Nobel Prize Chemistry: Building Blocks for Molecules – Spectrum of Science

It all basically started when Barry Sharpless had something to complain about in 2001. And not because he received his first Nobel Prize in chemistry that year. But because, from his point of view, there was a lack of suitable methods in his field. It speaks for him that he didn’t just complain. Instead, he laid the foundation for a new, extremely efficient type of chemical reaction. For their development and implementation, he has now been awarded his second Nobel Prize in Chemistry together with the Dane Morten Meldal and the American Carolyn R. Bertozzi. Sharpless is the second, after chemist Frederik Sanger, to have received the award twice.

Sharpless criticized the fact that organic chemistry is based on nature as a model for the production of molecules. However, their synthesis principle, which focuses on a so-called carbonyl group as a molecular building block, is unsuitable for quickly creating new substances with the desired properties. »With a few billion years and one planet, nature had plenty of time and material at its disposal. However, we chemists are not in this fortunate position, not least because we are tied to human existence,” he wrote together with his colleagues M. G. Finn and Hartmuth C. Kolb in the journal Angewandte Chemie. With the paper, the three coined the term click chemistry for their new type of reactions.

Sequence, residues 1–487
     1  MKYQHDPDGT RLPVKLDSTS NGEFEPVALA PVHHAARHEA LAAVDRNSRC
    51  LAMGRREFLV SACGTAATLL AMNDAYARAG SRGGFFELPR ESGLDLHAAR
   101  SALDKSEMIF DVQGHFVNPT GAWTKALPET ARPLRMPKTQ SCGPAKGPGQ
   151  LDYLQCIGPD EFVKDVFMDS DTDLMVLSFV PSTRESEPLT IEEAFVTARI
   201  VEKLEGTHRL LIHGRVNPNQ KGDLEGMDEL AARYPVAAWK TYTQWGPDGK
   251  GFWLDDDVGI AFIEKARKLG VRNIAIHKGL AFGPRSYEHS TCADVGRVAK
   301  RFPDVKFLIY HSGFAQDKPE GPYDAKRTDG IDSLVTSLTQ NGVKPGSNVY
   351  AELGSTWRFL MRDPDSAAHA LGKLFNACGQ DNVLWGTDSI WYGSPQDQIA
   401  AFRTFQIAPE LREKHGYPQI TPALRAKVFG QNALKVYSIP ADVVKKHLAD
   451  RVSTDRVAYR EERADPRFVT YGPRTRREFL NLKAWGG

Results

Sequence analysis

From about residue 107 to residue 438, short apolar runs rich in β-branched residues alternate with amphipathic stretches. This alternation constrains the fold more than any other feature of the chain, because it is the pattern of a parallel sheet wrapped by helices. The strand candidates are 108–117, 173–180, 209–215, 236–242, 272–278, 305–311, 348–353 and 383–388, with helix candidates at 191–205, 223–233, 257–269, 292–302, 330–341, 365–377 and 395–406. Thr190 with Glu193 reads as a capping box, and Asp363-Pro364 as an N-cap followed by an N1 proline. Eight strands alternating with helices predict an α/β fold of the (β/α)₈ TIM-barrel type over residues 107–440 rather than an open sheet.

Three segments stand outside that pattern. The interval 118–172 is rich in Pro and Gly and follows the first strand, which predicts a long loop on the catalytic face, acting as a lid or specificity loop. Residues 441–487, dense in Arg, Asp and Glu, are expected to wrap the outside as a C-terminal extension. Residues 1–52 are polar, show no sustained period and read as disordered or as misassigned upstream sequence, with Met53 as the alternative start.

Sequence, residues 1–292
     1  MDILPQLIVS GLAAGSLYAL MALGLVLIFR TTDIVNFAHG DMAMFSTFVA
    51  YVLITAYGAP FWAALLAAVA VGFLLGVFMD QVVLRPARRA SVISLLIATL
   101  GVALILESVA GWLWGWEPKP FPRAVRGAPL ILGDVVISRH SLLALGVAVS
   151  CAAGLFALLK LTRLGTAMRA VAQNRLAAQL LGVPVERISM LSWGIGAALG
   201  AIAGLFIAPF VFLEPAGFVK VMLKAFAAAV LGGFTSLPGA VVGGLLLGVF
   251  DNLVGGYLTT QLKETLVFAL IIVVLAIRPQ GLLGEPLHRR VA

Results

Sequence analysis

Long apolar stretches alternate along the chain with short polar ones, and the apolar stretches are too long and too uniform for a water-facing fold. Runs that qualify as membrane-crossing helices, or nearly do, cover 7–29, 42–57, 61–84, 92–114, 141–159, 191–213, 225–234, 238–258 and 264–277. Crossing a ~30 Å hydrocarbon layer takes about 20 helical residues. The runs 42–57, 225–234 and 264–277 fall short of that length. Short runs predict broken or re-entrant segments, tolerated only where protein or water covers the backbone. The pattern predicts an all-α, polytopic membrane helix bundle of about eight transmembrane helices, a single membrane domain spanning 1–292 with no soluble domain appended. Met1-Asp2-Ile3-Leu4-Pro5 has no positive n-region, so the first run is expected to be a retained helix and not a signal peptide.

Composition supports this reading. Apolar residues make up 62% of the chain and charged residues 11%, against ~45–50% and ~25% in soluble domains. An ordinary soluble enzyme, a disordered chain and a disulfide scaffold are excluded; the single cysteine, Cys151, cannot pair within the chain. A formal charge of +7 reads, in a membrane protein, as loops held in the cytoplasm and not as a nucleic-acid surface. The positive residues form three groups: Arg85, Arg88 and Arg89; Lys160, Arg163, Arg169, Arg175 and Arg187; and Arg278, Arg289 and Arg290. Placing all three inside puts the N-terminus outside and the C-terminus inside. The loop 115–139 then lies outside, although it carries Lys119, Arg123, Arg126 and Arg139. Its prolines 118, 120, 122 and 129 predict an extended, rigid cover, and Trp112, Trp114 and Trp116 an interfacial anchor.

Here, the scientists had a very practical problem in mind…

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